My favorite movie for many years was the 1967 Paul Newman classic Cool Hand Luke.*
It’s a fairly straightforward tale of resistance to authority, though the movie remains vague about Luke’s past and why he stubbornly rebels the way he does. We aren’t given a whole lot of historical data that we can use to analyze Luke.
When it comes to the stock and bond markets, there’s always something to analyze. By and large, the analysis is made with an eye to the future. The arrow of time moves forward, so while looking back and explaining why a particular stock or market went up or down can be interesting, it doesn’t tell us a whole lot about what’s going to happen next. This is why we see the phrase, “past performance is not indicative of future results” appended to every investment marketing piece in existence.
Billions of shares and dollars are traded, corporate results are reported, and economic statistics are issued around the world each day. This data is dissected by traders, strategists, fund managers and the like for signals about where the market is headed next.
Individual investors, if they are rightly focused on the long-term, have the luxury of ignoring this sort of thing. But sometimes the headlines are bigger, the issues are more serious, the impact is more uncertain, and the news is harder to ignore.
Depending on how plugged in you are to “current events,” you likely see alarming headlines with some regularity. In hindsight we can see with clarity what mattered, and what didn’t, when it comes to markets. And we know that over the longer-term, the impact of most global events is fleeting.
Take a look at the chart below from Michael Batnick, illustrating the growth of the S&P 500 from the March 2009 nadir of the global financial crisis. Since then, we’ve encountered massive job losses, catastrophic oil spills, a continent-wide debt crisis , fiscal drama, Brexit , market malfunctions, surprise election results, civil unrest, a global pandemic, and conflict overseas.
Through it all, the S&P grew more than 700%. In the rearview mirror our vision is 20/20, and we can see that the Ebola virus, 2013 government shutdown, 2011 flash crash, Brexit, et.al were temporary shocks that were not consequential for long-term investors.
This is not to say these issues or that present and future predicaments, aren’t meaningful. But they’re something to worry about more as a citizen, than as an investor.
It can be hard to separate our concern as citizens from our viewpoint as investors. It’s not that the market always goes up, or that nothing matters. The conundrum is that we don’t how markets will react, and for how long. Look no further than the last two years, when we experienced a global pandemic and shutdown of unprecedented proportions. The unemployment rate got so high they literally had to change the charts we’ve used for 75 years just to get it in the picture.
The stock market dropped sharply. But four months later, the market had recovered and then moved higher. The impact on the markets didn’t match up with the impact on the world at large. It rarely does.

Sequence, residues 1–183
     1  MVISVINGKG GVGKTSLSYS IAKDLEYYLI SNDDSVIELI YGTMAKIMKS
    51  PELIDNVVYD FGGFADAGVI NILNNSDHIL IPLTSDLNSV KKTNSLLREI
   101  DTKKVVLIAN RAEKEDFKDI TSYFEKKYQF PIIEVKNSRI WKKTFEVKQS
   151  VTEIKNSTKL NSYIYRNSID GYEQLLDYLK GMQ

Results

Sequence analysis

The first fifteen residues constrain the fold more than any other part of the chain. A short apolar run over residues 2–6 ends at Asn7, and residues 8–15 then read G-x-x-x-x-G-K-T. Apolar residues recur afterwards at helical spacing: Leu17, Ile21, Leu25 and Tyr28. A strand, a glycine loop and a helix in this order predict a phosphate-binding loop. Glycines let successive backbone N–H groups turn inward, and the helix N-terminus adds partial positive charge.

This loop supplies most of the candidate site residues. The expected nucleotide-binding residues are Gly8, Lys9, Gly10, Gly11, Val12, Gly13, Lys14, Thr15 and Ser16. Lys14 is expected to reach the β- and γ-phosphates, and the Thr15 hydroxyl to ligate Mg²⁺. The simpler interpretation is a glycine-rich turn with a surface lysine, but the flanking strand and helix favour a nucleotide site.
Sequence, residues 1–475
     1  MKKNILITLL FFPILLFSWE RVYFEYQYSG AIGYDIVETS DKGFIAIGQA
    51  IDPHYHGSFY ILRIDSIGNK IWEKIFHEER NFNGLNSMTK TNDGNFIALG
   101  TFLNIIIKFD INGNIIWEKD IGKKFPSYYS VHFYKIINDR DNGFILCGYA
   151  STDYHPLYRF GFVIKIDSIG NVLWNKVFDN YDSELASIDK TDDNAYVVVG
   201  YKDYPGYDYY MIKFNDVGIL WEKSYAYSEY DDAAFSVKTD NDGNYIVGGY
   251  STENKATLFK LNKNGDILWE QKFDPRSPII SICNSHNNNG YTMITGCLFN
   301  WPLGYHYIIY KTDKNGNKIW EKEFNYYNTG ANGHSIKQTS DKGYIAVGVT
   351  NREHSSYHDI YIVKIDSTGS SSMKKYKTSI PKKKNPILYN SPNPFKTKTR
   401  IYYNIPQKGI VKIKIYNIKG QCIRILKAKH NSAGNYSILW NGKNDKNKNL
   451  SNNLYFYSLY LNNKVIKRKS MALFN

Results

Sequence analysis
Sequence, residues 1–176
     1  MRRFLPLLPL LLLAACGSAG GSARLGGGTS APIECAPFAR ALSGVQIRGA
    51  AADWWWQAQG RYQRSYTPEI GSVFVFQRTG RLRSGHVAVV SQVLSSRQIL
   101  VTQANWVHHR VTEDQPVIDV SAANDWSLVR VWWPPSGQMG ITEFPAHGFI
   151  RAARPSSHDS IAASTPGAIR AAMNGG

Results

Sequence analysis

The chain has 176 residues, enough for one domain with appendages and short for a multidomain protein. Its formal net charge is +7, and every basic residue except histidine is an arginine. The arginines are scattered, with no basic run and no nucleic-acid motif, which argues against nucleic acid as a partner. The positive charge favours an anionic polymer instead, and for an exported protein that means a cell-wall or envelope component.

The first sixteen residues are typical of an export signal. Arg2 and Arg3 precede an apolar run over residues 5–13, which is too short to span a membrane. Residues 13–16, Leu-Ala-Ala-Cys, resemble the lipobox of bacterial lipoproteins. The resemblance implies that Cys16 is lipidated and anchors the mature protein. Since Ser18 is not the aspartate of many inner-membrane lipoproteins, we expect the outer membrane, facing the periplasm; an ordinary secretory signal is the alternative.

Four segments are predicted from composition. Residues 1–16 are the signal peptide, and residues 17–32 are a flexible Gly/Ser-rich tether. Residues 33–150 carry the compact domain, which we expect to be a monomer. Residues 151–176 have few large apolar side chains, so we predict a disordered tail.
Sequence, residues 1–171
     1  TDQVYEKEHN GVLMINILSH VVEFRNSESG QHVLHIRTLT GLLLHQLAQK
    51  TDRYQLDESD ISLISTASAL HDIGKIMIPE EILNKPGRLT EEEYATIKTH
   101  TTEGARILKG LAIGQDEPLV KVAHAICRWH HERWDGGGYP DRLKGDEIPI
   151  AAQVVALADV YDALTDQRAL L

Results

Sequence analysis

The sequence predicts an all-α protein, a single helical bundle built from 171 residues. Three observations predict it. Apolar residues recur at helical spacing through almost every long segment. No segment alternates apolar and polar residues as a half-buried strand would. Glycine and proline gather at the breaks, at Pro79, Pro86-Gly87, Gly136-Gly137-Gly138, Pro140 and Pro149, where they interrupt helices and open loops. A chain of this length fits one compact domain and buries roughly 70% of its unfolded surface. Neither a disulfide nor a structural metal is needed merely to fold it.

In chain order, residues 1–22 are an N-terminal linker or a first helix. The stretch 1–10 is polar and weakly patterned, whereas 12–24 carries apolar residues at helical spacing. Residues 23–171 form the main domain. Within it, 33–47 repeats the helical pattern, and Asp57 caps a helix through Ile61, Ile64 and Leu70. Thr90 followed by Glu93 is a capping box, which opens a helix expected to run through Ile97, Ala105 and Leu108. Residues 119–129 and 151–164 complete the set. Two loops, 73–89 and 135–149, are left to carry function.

Midway through the film, Luke earns the respect of the others in a boxing match with prison camp alpha dog Dragline, stubbornly refusing to give up despite getting repeatedly knocked down. That evening when Luke bluffs his way to a win in a hand of cards, Dragline chuckles and says “He beat you with nothing! Just like today, when he kept coming back at me…with nothing.”
Looking back at the chart of the last ten years, despite all the turmoil the long-term investor was best served doing one thing: nothing.
The problem is “do nothing” can sound like complacency, willful ignorance, or helplessness. So, it’s useful to flip the framing around to what it really is – patience.
“Patience is not passive, on the contrary, it is concentrated strength.” Depending on which source you trust, that quote comes from either English novelist Edward Bulwer-Lytton, or martial arts star Bruce Lee. Nobody remembers Bulwer-Lytton, but we remember some phrases he coined – “the pen is mightier than the sword” and “It was a dark and stormy night” in particular. So it would make sense if it came from him, though it certainly fits comfortably in Bruce Lee’s philosophy.
This kind of active patience demands attention and intention. It’s the recognition that much of what happens is out of our control, but how we respond is very much our own choice. It’s about tolerating delays and difficulties and staying the course. It’s the foundation of “Keep Calm and Carry On.”
Times will be turbulent, and markets will be volatile. It can be difficult, in the moment, to separate our concern as citizens from our intentions as investors. When it comes to markets, doing nothing, in the form of active patience, can be a real cool hand.
*My sister-in-law, watching the movie at my recommendation, was less impressed. “Luke runs away, Luke gets caught. Luke runs away, Luke gets caught. Luke runs away, Luke gets killed. The End.”
Presented by Christopher Rivers, CFP®